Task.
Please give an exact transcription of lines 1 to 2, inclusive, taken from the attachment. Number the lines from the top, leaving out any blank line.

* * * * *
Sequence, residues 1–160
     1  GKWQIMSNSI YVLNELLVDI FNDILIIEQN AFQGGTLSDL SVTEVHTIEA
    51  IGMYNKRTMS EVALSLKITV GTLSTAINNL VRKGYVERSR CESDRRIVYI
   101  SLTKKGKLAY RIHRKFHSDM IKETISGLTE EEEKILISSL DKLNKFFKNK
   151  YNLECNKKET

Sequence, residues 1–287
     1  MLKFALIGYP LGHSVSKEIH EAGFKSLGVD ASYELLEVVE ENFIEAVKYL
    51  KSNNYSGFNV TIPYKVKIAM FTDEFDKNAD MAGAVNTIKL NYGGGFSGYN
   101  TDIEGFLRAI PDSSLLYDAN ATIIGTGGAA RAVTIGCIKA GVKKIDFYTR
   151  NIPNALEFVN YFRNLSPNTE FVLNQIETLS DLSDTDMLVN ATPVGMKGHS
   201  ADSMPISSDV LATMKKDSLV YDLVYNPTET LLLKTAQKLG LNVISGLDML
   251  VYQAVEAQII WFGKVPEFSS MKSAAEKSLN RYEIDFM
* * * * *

Sequence, residues 1–160
     1  GKWQIMSNSI YVLNELLVDI FNDILIIEQN AFQGGTLSDL SVTEVHTIEA